Kentucky Road Zero

I am fascinated by the mysterious future of video games – Destructoid

Games are in flux, and I love it

The video game industry changes a lot and is always forward looking. It’s that time of year again when we’re excited to see all the new trailers, and we think ahead not in terms of days, weeks, or even months, but Years. With each new version released, we look forward to seeing how the graphics, gameplay, story, art and music will push the games even further, showing us something the medium hasn’t done before. The constant clamor of new consoles is becoming more prominent with the scarcity of new 9th generation hardware.

There’s a constant force pushing us forward, and while that’s exciting, the emotional side of me wants to slow down and smell the roses a bit. I am shocked just looking at video game graphics side by side for nearly thirty years now. This is probably why I’ve been playing so many Relaxing Community simulators lately.

Final Fantasy Globe games

The future of video games is not permanent

This emotional mindset made me think about how temporary and impermanent games can be. I’ve compared video games to live theater before, because live performance is our closest cousin to gaming. There are a lot of reasons for this, but the one I want to focus on here is how, like every stage show, music show, show, etc., will be unique to everyone else, no two game shows will be. Exactly the same.

In the same way that different actors playing popular roles like Hamlet express the same character in a way that no one else can, different players can alter most game stories slightly based on how they like to play it.

acting in our own play

A classic example of this is the pacifist-versus-genocide stealth game play, which can lead to a “good” or “bad” ending in some cases. While the majority of characters can be set in stone, players still have the ability to change the way they act in that story through the gameplay. Is your character a ruthless killer who goes with flaming guns? Or are they dedicated to staying as peaceful as possible, choosing instead to sneak through all the enemies? Do they try to avoid the fatal blows as best they can, only to make a mistake and make the character make hateful choices?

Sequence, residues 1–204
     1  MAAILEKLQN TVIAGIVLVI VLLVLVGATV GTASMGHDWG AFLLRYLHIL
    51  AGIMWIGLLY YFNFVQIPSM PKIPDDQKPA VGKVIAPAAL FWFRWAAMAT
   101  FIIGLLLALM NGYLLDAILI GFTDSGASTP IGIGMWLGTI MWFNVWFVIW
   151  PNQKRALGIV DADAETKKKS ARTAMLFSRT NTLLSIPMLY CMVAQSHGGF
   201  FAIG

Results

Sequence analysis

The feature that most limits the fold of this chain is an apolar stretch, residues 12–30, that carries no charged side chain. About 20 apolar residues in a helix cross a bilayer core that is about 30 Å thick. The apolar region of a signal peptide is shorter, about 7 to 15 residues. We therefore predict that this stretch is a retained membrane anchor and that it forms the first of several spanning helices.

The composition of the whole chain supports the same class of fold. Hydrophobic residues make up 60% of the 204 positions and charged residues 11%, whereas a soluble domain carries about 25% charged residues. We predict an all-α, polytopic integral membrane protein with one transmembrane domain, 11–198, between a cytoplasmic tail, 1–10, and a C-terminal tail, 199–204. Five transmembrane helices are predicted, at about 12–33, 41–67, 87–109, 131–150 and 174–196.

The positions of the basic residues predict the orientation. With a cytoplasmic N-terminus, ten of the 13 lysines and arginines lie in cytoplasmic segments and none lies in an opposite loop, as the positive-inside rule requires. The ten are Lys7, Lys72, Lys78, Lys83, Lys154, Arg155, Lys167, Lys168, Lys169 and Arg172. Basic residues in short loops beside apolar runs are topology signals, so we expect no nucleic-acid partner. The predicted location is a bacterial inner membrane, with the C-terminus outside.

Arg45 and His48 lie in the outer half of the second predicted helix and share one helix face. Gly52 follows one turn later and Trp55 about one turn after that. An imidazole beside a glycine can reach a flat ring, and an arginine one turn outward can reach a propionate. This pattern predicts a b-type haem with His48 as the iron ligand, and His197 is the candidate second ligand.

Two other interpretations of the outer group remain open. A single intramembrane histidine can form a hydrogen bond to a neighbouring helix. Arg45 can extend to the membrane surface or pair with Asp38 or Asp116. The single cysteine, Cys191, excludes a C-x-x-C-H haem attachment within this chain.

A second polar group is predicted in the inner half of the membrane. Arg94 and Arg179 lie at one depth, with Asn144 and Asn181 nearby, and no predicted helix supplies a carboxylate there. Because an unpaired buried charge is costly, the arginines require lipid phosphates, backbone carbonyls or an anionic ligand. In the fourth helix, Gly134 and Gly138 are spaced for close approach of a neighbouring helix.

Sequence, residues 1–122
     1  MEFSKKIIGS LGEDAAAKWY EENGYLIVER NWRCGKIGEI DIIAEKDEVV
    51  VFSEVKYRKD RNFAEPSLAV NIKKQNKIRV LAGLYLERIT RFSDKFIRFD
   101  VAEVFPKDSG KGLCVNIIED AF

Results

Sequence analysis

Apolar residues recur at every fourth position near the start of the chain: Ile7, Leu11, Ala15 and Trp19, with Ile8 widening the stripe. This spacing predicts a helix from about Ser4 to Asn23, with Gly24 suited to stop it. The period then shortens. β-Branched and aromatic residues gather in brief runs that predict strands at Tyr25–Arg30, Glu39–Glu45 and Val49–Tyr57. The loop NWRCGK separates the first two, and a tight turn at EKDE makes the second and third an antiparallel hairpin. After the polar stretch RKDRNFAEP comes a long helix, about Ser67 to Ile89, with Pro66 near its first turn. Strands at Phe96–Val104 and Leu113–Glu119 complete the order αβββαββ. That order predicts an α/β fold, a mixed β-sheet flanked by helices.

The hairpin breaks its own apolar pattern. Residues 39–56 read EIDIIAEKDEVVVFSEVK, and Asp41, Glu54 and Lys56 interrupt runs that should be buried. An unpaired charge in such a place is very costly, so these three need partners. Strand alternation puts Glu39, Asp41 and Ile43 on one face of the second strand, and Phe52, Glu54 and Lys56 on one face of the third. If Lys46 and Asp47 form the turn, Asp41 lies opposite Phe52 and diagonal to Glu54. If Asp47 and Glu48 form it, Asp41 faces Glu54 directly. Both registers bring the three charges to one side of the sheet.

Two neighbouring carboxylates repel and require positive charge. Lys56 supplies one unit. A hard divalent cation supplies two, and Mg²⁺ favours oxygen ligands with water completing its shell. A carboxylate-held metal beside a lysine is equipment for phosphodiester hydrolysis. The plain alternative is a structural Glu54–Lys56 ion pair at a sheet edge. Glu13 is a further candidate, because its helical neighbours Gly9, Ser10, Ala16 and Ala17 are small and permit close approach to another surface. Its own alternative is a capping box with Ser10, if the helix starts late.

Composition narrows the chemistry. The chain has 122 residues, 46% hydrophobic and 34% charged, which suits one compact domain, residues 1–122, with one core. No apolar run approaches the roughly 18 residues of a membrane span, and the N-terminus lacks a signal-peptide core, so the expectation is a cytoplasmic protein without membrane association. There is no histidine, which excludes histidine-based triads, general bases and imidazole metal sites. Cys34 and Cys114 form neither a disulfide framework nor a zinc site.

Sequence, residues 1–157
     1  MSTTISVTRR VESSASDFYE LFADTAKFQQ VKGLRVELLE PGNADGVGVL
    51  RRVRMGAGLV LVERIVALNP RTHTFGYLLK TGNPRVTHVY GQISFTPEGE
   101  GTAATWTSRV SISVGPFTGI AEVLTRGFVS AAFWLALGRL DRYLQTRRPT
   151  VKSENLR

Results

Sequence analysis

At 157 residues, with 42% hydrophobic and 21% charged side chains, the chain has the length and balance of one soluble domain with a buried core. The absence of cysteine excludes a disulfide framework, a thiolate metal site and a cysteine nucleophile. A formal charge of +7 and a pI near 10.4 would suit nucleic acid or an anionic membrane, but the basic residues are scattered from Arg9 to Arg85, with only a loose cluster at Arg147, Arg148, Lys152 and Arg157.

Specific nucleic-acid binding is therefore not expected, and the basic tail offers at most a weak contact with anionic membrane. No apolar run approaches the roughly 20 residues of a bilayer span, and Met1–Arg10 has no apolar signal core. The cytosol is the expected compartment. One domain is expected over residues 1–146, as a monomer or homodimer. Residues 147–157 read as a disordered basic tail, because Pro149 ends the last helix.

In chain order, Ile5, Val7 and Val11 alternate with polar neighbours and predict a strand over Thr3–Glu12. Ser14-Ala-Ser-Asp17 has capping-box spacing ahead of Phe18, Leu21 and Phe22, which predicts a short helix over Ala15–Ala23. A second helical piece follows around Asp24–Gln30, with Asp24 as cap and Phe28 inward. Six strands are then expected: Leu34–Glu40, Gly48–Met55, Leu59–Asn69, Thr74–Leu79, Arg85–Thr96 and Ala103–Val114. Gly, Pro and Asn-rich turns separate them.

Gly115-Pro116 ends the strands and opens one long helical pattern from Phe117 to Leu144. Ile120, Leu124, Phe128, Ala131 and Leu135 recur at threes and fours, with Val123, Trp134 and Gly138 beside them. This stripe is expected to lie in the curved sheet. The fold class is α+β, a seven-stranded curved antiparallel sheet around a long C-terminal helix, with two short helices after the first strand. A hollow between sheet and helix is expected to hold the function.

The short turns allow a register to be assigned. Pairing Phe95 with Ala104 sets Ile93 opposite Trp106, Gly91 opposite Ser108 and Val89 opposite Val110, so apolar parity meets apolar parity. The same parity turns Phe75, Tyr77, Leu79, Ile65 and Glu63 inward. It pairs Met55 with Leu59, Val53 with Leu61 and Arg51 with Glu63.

Not only is the player acting out a character’s story in their own interpretation, but their “performance” ends and ends with the same end result as the curtains falling at the end of the play. The most awesome thing about games is that you can do this an unlimited number of times just by restarting a checkpoint if you prefer. Unless you’re in perfect tyre, not even the most well-designed sprint track will ever match. Things could get a lot more exciting from here, too, as the future of video games looks to improve AI and procedurally generated content.

Disco Elysium

race against time

Of course, there is a downside to this as well – the fact that we lose hundreds of games in history due to the gradual deterioration of the hardware. Old games and consoles are literally rotting, and that thought makes me so sad. The books are able to survive for thousands of years because all you have to do is open one and blossom, and you get the whole experience.

It seems that the more complex our media is, the harder it is to make sure it stays around forever. The film industry is also dealing with this problem by decomposing film reels, and games in their wake as important pieces of early gaming history are lost due to poor storage conditions and moldy plastic.

Save Embraser Games Archive

Online fans have done a really great job of archiving game content online using the ROM, but sometimes it can feel like you’re missing out on the whole experience by not playing a game like it was originally meant to. Additionally, legality is always somewhat questionable – companies like Nintendo are notorious for attacking ROM sites.

It takes a lot of different forms, but there’s really just something about games that keeps it changing and evolving, for better and for worse. While we may be at risk of missing out on some really amazing artwork (something that archivists get better at in combat), there is something really invigorating about how this industry continues to move forward all the time. Sometimes I find it exhausting, but the optimism of always hoping to have something exciting around the corner is a reason to love the games I keep coming back to. Personally, I think the future of video games looks bright.

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